Why John Le Carré beats Ian Fleming hands down
Eight John le CarrÃ© novels are currently being dramatised on BBC Radio 4, bringing to life his thoroughly British and comical anti-hero George Smiley - writes Robert Hanks in The Telegraph
One of my favourite moments in film comes at the end of Ill Met by Moonlight, one of Powell and Pressburgerâs less well-regarded efforts, when a German general is forced to admit that the scruffy, disorganised band of British commandos and Cretan partisans who have kidnapped him are rather better at their jobs than his own polished, disciplined troops. âGentlemen,â he says, âyou are not amateurs. You are professionals!â
This is a myth with which the English love to flatter ourselves, or certainly have since it dawned on us, in the aftermath of the Second World War, that the big money and power had gone elsewhere: we may look rubbish, but thatâs just a cover for our cunning.
If this idea has a representative figure, a patron saint, itâs George Smiley, the chubby, bespectacled and devastatingly effective spy-master who features, in greater or lesser roles, in eight of John le CarrÃ©âs novels â all now being dramatised on Radio 4, beginning today with the first story in which he appeared, Call for the Dead.
There may be readers who identify with James Bond. For me, though, the brand of escapism Ian Fleming offers is too glib and flash to have more than an ironic, half-hearted appeal: far more satisfying to escape into a dream of Smiley.
In The Spy Who Came In from the Cold â in which Smiley has a walk-on role â le CarrÃ© laid down the rules for getting the enemy to swallow your misinformation: tell him what he wants to hear, but make him work for it and donât make it too enticing. He applied the same rules to his fiction.
Smileyâs world is dreary by comparison with Bondâs, inhabited by petty bureaucrats and men too willing to let ends justify means, a world painted in shades of grey. But le CarrÃ©âs great gift was to make the dreary glamorous, with his invented jargon of âlamplightersâ and âscalphuntersâ, and the sometimes insistent hint that beneath all the shabbiness lay a core of decency, which Smiley personified.
Introducing him at the start of Call for the Dead, Le CarrÃ© sets out Georgeâs anti-Bond credentials: âShort, fat, and of a quiet disposition, he appeared to spend a lot of money on really bad clothes, which hung about his squat frame like skin on a shrunken toad.â Or, as a character in the sequel, A Murder of Quality, puts it: âLooks like a frog, dresses like a bookie.â The frogginess goes further, with references to his âwet handsâ and occasionally âmoistâ face. His glasses are notably thick, and he has a habit, frequently noted, of wiping them with the end of his tie. He has no success with women â he does land the improbably beautiful Lady Ann Sercomb, but she ditches him for a succession of unsuitable men, including the traitor who brings the Circus (le CarrÃ©âs secret service) to the brink of destruction. And yet, as someone says, Smiley has âa brain Iâd give my eyes for.â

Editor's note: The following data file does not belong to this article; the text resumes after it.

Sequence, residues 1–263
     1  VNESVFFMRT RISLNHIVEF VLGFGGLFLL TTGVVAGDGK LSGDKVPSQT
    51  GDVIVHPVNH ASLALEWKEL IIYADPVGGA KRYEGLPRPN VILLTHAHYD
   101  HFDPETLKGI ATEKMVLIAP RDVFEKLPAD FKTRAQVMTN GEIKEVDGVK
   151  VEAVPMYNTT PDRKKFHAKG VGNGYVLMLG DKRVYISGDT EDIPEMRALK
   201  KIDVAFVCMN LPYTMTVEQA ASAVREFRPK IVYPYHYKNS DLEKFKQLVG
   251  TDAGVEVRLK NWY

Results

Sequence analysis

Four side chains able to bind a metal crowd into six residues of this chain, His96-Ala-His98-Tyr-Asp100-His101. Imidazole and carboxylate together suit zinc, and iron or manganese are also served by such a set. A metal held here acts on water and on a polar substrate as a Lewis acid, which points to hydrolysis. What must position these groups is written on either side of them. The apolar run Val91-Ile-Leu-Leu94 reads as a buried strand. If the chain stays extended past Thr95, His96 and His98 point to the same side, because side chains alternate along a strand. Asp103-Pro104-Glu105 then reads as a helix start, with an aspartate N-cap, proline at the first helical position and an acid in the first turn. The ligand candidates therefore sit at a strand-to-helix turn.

It helped that on TV Smiley was played by Alec Guinness, bringing a touch of Jedi star quality. His appearances, in Tinker Tailor Soldier Spy and Smileyâs People, cemented the notion that Smiley embodied a peculiarly British set of virtues, since that was exactly what the TV series did, with their ostentatiously low budgets (as evidenced by the relocation of key scenes from Hong Kong to Lisbon), and their defiantly unAmerican pace and solemnity.
On the DVD of Tinker Tailor, I like replaying the scene where the secret service departmental heads convene a meeting â a good minute of throats being cleared, papers fiddled with, and the late Terence Rigby making great play of balancing a saucer on top of his cup of tea. Every time, the sheer willingness to subject the viewer to boredom gives me a little thrill of patriotic pride: cry God for Harry, England and St George! And you know which St George Iâm talking about.
* 'Call for the Deadâ is on BBC Radio 4 today at 2.30pm. All eight Smiley novels are being reissued in paperback by Hodder
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